When Amazon.com (NASDAQ:AMZN) recently shared its plans to possibly raise the price of its popular Prime membership program, many analysts grimaced. A membership currently costs $79 dollars a year, and although many Amazon customers have hopped on board as of late, not all analysts and investors have been convinced that Amazon will continue to maintain all of its current members if the company bumps the program’s rates up $20 to $40, potentially alienating some customers. The concern is that Prime users won’t renew their membership if Amazon goes ahead with the price hike, but according to Rafi Mohammed, a pricing-strategy consultant, Amazon’s Prime program has other issues to deal with, too — and its pricing strategy is just one of its problems.
According to Market Watch, Mohammed believes that Amazon needs to rethink the structure of its Prime program and unbundle some of its more miscellaneous features. The consultant suggests that Amazon get rid of the video-streaming and Kindle digital-book borrowing services it currently offers its Prime members, and Mohammed also believes that Amazon should consider restructuring Prime with different pricing levels so customers can choose what level of service they want to pay for. He says executives should look at the varying price levels cellphone companies offer as guidance.
Many cell phone companies offer different membership deals that appeal to consumers’ varying usage levels, and Mohammed believes that Amazon’s Prime service could benefit from that strategy. He explains, via Market Watch, “The key lesson in pricing for any company is to understand that customers are different. There’s so much more to pricing instead of a simple two-lever, up-and-down strategy. There’s a lot of ways you can slice that pricing. Let people self-select the shipping and pricing option. The notion of offering customer choices is something that becomes standard in all industries. Most companies should offer good, better, and best prices.”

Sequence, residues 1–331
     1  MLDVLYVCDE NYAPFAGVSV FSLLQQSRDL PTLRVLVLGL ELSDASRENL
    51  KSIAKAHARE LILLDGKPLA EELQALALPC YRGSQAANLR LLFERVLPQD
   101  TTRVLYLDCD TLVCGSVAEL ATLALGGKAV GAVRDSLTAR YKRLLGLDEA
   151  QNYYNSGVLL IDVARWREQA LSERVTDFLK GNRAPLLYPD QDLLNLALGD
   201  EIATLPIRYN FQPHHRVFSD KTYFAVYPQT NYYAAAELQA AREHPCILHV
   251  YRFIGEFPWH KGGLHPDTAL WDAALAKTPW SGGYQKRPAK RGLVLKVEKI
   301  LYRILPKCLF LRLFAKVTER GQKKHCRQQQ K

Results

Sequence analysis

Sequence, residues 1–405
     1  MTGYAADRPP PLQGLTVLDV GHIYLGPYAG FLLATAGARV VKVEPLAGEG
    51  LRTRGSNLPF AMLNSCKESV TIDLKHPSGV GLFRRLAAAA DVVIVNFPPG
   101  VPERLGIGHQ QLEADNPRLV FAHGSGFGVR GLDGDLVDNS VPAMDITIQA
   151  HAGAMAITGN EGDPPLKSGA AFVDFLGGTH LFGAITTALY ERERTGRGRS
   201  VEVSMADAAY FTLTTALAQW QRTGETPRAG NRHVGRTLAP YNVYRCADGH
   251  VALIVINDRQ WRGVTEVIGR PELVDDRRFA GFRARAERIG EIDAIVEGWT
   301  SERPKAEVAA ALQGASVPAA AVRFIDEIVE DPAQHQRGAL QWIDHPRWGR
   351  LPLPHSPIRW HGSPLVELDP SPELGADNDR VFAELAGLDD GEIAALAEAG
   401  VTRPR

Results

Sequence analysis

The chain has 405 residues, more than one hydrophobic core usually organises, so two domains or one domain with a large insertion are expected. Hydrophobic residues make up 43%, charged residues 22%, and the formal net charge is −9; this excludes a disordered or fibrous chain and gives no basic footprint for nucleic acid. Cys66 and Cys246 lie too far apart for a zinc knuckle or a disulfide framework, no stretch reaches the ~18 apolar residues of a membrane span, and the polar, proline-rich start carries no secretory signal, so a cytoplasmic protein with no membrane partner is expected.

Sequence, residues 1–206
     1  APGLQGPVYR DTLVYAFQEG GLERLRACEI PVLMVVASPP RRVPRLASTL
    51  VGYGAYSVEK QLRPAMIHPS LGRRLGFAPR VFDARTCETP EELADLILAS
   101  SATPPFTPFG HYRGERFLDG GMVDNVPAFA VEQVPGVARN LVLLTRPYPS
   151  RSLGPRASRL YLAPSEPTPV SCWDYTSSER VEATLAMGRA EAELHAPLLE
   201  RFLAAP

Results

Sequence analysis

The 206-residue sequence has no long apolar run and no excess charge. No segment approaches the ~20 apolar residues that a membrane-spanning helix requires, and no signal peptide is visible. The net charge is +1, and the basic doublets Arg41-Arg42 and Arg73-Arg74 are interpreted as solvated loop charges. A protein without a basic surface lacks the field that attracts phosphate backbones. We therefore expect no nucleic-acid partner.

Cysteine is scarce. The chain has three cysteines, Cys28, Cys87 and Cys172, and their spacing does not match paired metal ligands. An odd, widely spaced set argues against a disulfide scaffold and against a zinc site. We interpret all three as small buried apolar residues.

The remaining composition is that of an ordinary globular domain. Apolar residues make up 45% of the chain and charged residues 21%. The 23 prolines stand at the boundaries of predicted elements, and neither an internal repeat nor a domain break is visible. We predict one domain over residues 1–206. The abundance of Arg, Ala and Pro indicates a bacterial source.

Mohammed has a point. While some Amazon customers take full advantage of the program’s benefits and shop online exclusively from Amazon.com, the increased price of a Prime membership might not be worth it for those consumers who only benefit from Prime every now and again. They are the customers that Amazon is at risk of losing, but if the e-commerce giant could somehow come out with a new Prime package that offers lower prices and a diluted set of Prime perks, they might be more inclined to stay. Even Mohammed said he was not sure if he’d continue paying for his Prime membership because he doesn’t use it enough to justify the price hike.
As for the programs that the consultant believes should be cut from the Prime program, Amazon’s video-streaming and Kindle digital-book borrowing services should be the first to go, says Muhammed. According to Market Watch, he says “it’s just not intuitive” to offer those services under the Prime umbrella, and there is no proof that existing members currently take advantage of the features. If the increasing cost of offering those services is leading to Amazon’s price hike, they’re not worth it to many users.
So, it’ll be interesting to see if Amazon actually listens to the consultant’s advice, or whether CEO Jeff Bezos goes ahead with his own plans. Though the e-commerce company currently seems stuck in a sticky situation with the future of Prime, if we know anything about Bezos, it’s that the executive knows what he’s doing, and he’ll likely find his way out of this risky position, too.